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Everything is political. So yes hair can be too. However, experimentation with hair has long been a cultural artifact of sun people with kinky hair -- the existence of your so-called "white" hair notwithstanding. So please, don't weigh down an entire race of people with your insecurities an attempts at carving out more social cache for those of your ilk.

The fact is, every person who changes their hair is not making a political statement. Just like you said - you like your "curly, white-looking" hair. So what kind of political statement are you making by liking you "white-looking" curly hair over your "white looking straight hair"? It is not necessarily a political statement either way to me, but you seem to argue that it is. (And if you ask me, you gushing about your "white-looking" hair - as with much of this article - reveals more about you than it does about the body politik of the American Black woman.

I am so sick of the judgement bourgeois, condescension from articles like this. This entire post drips with a holier than thou attitude. In it, you claim that Black women have so absorbed white women's standards of beauty we don't even see it anymore. Well - you clarify - Black women who hair isn't like yours don't see it. As you make clear, "I've always seen it clearly because my hair, while curly, is straight enough to be considered "white" hair that always had the option of being left alone."

That is some white supremacist bullshit, right there. You see clearly because your hair is straighter? So you are arguing that the curls on Black women's heads give us less insight into our beauty choices? You argue in this article essentially that because our hair is kinky or tightly curled then somehow we have become oblivious to the patriarchal, white supremacist system that limits or sometimes informs our choices about how we wear our hair? As they say in the vernacular, BitchPlease.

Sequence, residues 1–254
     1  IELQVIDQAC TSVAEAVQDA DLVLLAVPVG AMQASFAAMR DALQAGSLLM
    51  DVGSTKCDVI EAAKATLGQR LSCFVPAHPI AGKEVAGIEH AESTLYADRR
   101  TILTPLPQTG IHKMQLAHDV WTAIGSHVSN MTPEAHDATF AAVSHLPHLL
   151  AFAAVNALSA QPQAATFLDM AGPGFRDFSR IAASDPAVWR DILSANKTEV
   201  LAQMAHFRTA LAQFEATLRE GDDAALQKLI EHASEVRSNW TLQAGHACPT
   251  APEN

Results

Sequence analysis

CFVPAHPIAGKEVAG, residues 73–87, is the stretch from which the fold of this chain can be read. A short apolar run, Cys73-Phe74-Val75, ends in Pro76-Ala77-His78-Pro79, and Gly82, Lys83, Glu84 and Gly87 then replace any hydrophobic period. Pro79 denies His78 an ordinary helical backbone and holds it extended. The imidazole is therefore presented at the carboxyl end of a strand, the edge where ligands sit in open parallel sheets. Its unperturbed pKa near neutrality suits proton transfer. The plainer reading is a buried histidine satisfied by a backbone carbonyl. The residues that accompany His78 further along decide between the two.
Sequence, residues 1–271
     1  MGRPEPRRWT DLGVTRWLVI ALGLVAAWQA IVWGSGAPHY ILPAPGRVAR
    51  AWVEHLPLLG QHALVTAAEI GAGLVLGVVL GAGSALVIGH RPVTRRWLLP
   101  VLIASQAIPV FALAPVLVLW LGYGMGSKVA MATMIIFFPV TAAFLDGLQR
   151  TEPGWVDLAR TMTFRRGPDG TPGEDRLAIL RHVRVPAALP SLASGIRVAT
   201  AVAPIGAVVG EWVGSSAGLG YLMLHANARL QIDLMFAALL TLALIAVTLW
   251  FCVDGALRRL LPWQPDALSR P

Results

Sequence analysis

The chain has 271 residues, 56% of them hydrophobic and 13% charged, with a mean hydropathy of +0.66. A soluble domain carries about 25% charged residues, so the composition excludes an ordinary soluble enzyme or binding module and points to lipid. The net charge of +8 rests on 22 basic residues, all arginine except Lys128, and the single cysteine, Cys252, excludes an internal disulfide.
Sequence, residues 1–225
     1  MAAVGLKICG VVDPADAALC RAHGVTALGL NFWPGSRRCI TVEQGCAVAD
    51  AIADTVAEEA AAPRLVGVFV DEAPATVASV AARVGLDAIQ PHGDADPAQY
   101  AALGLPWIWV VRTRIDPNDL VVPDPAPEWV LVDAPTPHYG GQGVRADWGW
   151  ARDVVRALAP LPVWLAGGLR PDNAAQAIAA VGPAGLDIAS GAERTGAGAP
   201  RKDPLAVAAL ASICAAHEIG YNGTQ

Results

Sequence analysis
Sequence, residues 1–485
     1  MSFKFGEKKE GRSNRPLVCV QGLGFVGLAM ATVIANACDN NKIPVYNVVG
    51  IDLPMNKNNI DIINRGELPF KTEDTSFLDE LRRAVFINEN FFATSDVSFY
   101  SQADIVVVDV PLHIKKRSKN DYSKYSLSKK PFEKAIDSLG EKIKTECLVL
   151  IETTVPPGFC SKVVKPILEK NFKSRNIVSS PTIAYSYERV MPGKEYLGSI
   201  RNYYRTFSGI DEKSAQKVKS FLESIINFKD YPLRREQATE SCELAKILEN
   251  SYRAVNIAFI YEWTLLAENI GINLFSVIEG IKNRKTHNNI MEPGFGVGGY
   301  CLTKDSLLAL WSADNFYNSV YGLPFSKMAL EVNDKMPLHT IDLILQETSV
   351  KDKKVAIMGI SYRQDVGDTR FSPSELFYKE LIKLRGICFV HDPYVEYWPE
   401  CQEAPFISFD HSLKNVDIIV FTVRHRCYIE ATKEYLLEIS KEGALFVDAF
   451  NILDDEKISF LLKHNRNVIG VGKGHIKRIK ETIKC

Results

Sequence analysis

Are the Black women I know with blue- and gold streaked basket weaves trying to attain whiteness, or summarily rejecting white standards of beauty? What about the Black women who get extensions but of kinky hair? What assumptions would you make about their politics? -- these are rhetorical questions. It's privileged of you to even assume that you can answer what a Black women thinks by the way she wears her hair. And you only think so because we are Black/have kinky hair. That is the very definition of white supremacy.

In reality, Black women get perms, weaves and straighteners for a variety or reasons. People get perms for manageability, weaves for diversity, extensions to be trendy and for a host of other reasons. Not everyone wants to look like they have "white hair" as you so loving gush about your own.

In my opinion, you (and people who enjoyed that CHRIS "there are Black people and there are ni**as" ROCK documentary) have fully bought into the white supremacist lie that that Black women are sitting around enslaving themselves through their beauty choices because we don't know any better and are just waiting for a good white education to show us how much we really like combing through kinky hair or wearing our hair the same style every day. Bourgeois Blacks and white people like to pretend that they know something that we don't: that without weaves and perms we Black women would feel more authentically BLACK. Ultimately, they want to pretend they have the power to give us that authenticity. Blackness itself is a political category, and one that middle class Black (and whites) are always seeking to define and redefine for their own narrow benefit. As we see, white women are not held to such a standard, or even any standard at all about the politics of their hair. This despite the fact they buy MORE human hair wigs that Black women.

Why doesn't the Ms. "white hair" author of this post consider white women's wigs, extensions, colors, perms, dies, highlights, tints, teases, blow-outs and Bump-Its political? Why? Because to her, these are merely the accoutrements diverse culture and style!Why? Well...'cause see...well 'cause its white ladies that are doin' it!

::eyeroll::

This article was nothing more than a bourgeois tool of white supremacy authored under the guise of benevolent guidance to the "ignorant" black masses. Have a seat.